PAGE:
Any investor would be well-advised to devote a part of their portfolio to commodities. Whether it be a position in oil and industrial minerals to take advantage of a booming world economy or an interest in gold and silver when fears of inflation or economic turmoil spook the markets.
The focus of The Commodities Investor is on how to successfully diversify a portfolio of investments through a selective holdings of commodities. After a brief overview of the relationship between commodities and other asset classes and the various ways to invest in oil, gas or industrial minerals the book outlines the key factors to consider before purchasing a security linked to a metal or agricultural commodity.
As with all books from Harriman House, the title offers a superb introduction to issues such as the historical performance and demand and supply considerations of individual commodities. Individual chapters detail the investment case for oil and gas, precious metals (gold, platinum, palladium, silver), industrial metals (aluminium, copper, zinc, nickel) and agricultural produce (corn, soybeans, wheat). Handy summaries are also included at the end of each chapter for reference purposes alongside brief comments on the outlook for each commodity and details of the Exchange Traded Funds and key data needed to make an investment.
One of the book?s strengths are the useful pointers about the relationship between the prices of different commodities. For example while silver and gold prices generally mirror each other, demand for silver is more closely tied to industrial uses while gold is affected by seasonal demand for jewellery and investor perceptions of geopolitical consideration and risk. Other useful tidbits include the three Fs affecting demand for corn and soybean: food for humans, food for animals and fuel for automobiles.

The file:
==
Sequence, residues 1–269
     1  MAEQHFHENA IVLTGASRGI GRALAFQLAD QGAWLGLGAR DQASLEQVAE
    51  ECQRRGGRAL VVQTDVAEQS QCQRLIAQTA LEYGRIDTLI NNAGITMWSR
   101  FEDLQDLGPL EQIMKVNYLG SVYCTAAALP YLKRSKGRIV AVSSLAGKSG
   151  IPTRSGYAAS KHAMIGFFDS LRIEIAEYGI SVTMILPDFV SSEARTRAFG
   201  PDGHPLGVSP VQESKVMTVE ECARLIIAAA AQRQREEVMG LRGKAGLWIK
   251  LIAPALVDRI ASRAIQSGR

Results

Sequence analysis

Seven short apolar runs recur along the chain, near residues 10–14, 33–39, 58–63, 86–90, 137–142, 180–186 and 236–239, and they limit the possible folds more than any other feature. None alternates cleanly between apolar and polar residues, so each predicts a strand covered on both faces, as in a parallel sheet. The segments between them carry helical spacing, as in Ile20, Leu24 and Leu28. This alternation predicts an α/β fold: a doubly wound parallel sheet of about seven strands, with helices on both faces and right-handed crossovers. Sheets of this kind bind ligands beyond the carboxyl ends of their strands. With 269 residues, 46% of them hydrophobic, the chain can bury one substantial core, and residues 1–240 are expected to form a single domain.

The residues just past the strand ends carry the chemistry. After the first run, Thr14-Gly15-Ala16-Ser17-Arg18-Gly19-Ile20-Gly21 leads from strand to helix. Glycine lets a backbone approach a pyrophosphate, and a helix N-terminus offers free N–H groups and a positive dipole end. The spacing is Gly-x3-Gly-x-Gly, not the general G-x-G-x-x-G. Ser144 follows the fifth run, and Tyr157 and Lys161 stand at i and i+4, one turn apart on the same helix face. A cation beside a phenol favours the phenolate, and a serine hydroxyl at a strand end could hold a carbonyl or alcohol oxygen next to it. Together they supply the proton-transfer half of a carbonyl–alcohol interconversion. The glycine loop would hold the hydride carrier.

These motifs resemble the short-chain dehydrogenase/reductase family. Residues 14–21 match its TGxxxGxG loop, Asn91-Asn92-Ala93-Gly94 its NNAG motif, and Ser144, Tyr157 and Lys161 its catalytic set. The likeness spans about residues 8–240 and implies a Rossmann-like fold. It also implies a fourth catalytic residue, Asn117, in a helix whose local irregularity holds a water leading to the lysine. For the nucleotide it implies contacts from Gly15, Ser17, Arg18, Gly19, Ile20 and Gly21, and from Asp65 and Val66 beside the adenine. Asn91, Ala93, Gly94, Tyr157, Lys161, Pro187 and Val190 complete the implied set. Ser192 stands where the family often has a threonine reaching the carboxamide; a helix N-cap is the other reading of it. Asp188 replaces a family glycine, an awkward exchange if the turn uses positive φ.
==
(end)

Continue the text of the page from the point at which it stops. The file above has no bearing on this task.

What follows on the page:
However, it would be careless of us not to point out that The Commodities Investor rather puzzlingly misses a few issues that would have made the book a much more complete guide. For one it ignores three important commodities: iron, diamonds and potash. Furthermore we feel that the author would have done well to provide a more detailed listing of the main countries and companies that are crucial to the supply of the minerals covered. Finally, while the book succeeds in giving a sense of how economic cycles affect the prices of the above commodities it would have also benefited from charts comparing commodities to each other. This would have been a good substitute to the rather unenlightening understanding of price trends presented by a 10-year chart of each commodity against the ftse 100.
To sum it all up, The Commodities Investor would be an ideal gift for someone looking for an insight into metals and minerals and would acts as a great reference book for any investor. Despite having some flaws this is a great first read and would set up a good base from which to access more advanced books such as Michael Coulson?s Inside The Mining Sector and Philip Crowson?s Mining Unearthed which are the must reads for serious investors. Definitively worth a look.